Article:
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It’s All in the Paint

A newly developed white paint can keep buildings cooler by reflecting nearly all of the Sun’s rays.

Light from a smiling Sun wearing sunglasses beats down on white rooftops and then bounces off.

© Marrishuanna, Natthaya Phiban/Dreamstime.com; Animation Encyclopædia Britannica, Inc.

Did you know that the temperature of a building is affected by the color of its roof? Lighter colors reflect much of the Sun’s heat, while darker colors absorb it. With that in mind, a scientist at Purdue University in Indiana has invented a new white paint that’s designed to keep a building cooler, just by coating its roof.

White roofs aren’t a new idea. In fact, they’re widely used in many cities that experience hot temperatures because they’re known to decrease the need for air-conditioning. But most white paint reflects about 80 to 90 percent of the Sun’s rays. The rest of those rays are absorbed into the building.

A few years ago, Xiulin Ruan, a professor at Purdue University, set out to make a more reflective white paint. “We wanted to help with climate change, and now it’s more of a crisis, and getting worse,” Ruan told the New York Times. “We wanted to see if it was possible to help save energy while cooling down the Earth.”

It’s a welcome development at a time when record-breaking heat waves in North America, Europe, and Asia have made headlines.

The paint that Ruan and a team of scientists developed reflects more than 98 percent of the Sun’s rays. At midday, a surface that’s been covered with the paint remains up to 8 degrees Fahrenheit (4.5 degrees Celsius) cooler than the air that surrounds it. At night, it’s up to 19°F (10°C) cooler. According to Ruan, the paint can decrease the need for air-conditioning by up to 40 percent.

The Purdue scientists achieved this level of reflectiveness by making the paint from a very reflective compound called barium sulfate. One downside is that barium sulfate must be mined, which is bad for the environment. But Ruan pointed out that most paint is made with titanium dioxide, which also has to be mined.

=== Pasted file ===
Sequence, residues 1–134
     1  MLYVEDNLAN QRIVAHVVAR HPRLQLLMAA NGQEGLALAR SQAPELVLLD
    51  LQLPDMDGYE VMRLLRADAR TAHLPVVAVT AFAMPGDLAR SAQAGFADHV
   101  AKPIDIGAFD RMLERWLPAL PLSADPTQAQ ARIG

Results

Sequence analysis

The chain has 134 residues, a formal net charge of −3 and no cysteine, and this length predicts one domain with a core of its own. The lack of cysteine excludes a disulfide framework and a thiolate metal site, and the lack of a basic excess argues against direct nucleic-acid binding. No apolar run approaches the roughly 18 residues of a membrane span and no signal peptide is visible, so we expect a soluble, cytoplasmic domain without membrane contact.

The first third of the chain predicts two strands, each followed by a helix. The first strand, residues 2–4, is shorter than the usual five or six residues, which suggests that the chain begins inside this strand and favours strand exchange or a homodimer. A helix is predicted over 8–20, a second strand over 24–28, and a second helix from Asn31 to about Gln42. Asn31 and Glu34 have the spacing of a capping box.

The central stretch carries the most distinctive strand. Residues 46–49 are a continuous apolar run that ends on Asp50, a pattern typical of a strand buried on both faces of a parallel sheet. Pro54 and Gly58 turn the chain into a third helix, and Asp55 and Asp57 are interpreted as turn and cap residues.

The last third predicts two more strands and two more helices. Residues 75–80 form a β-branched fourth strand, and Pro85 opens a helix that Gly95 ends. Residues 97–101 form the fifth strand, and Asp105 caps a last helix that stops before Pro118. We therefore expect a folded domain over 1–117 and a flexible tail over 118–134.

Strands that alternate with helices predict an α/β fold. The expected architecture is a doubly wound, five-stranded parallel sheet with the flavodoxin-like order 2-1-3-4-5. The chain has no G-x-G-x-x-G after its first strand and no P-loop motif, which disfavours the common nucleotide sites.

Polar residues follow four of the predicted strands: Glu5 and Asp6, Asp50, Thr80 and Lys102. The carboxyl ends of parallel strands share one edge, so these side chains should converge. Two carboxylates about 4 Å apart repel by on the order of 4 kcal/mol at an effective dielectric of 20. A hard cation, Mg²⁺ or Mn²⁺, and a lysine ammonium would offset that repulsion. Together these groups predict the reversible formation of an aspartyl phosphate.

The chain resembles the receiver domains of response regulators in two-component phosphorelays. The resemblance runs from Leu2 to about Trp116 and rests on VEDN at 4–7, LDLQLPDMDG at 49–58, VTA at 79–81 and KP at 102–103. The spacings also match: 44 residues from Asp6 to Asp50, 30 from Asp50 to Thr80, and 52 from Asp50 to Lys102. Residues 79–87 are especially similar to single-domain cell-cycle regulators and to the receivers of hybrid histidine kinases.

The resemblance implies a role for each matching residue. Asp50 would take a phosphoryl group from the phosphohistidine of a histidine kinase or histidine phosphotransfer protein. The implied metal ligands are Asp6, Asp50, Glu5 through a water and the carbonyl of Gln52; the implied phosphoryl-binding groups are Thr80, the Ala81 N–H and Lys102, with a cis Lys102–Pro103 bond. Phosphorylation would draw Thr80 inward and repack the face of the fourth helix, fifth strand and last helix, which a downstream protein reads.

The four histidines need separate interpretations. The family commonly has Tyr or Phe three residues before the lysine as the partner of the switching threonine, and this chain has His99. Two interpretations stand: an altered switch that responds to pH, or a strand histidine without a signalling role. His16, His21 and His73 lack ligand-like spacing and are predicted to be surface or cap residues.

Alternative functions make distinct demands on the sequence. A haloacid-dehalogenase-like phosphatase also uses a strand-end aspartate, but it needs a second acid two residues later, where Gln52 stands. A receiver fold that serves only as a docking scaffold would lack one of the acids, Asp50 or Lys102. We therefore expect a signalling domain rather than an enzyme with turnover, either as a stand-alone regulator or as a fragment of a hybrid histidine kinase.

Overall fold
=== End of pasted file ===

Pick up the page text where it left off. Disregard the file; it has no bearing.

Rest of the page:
On the plus side, the new paint could help address some of the effects of climate change, provided it’s used widely enough, by reflecting those warming solar rays back into space. Ruan and his team have since developed a thinner form of the paint that can be used on airplanes, cars, and other vehicles to reduce the need for air-conditioning, even if they’re sitting on a hot tarmac or in a sizzling parking lot.

So, when can people go out and buy the ultra-reflective white paint? Ruan says he hopes it will be available as soon as 2024.

Did You Know?

© Christian Delbert, Artinspiring, Ramcreativ/Dreamstime.com; Animation Encyclopædia Britannica, Inc.

An air conditioner can cool a home to only about 15 to 20 degrees below the outside temperature.

Keeping Your Cool in the Summer

© New Africa/stock.adobe.com

Is your home sweltering in the summer? Before you crank up the air-conditioning (if you’re lucky enough to have air-conditioning, that is), check out these tips for beating the heat at home.

    • If you have a ceiling fan, use it! Ceiling fans don’t actually cool the air, but they can make a room feel cooler. Most ceiling fans have a switch at the base that allows you to change the direction they spin. (Turn the fan off before you change its direction.) It’s important to make sure the fan’s blades are moving counterclockwise in the summer, creating a downward breeze.
    • Close blinds and curtains. Sure, afternoon sunlight can make a room feel toasty in the winter. But that heat becomes a lot less welcome in July. In the summer, be sure to close your blinds or curtains before the Sun has a chance to heat things up. It also helps to put plants in front of windows that get a lot of sunlight.
    • If the evenings or early mornings are fairly cool, take advantage! Open the windows, if possible, but be sure to close them before the day heats up. You can also put a box fan in the window to help bring that cool air inside.
    • If it’s super hot, try putting a bowl of ice in front of a fan. This will create the effect of an air conditioner—until the ice melts!
    • Wear light-colored clothing. Like white paint, light-colored clothing will absorb less heat than dark clothing.
    • Turn down the air-conditioning. If you must use the air conditioner, try setting the thermostat (the part that determines the indoor temperature) one degree higher. This will save energy while still cooling you down.


    Remember, extreme heat can be dangerous, especially for the very young, older people, and pets. If the temperature is high, take it easy and drink plenty of water. And if you or family members need some relief, see if it’s possible to go to a store, a library, or another public place that’s air-conditioned.

How Sunlight Can Help

© deepblue4you—E+/Getty Images

Solar panels help capture the energy of the Sun.

Painting a building’s roof white deflects the Sun’s warming rays. But we can also harness the power of the Sun in a way that’s hugely helpful. Solar energy is less costly and less harmful to the planet than some other forms of energy, partly because the Sun’s energy is renewable, meaning it won’t run out.

You can learn more about solar energy at Britannica School.

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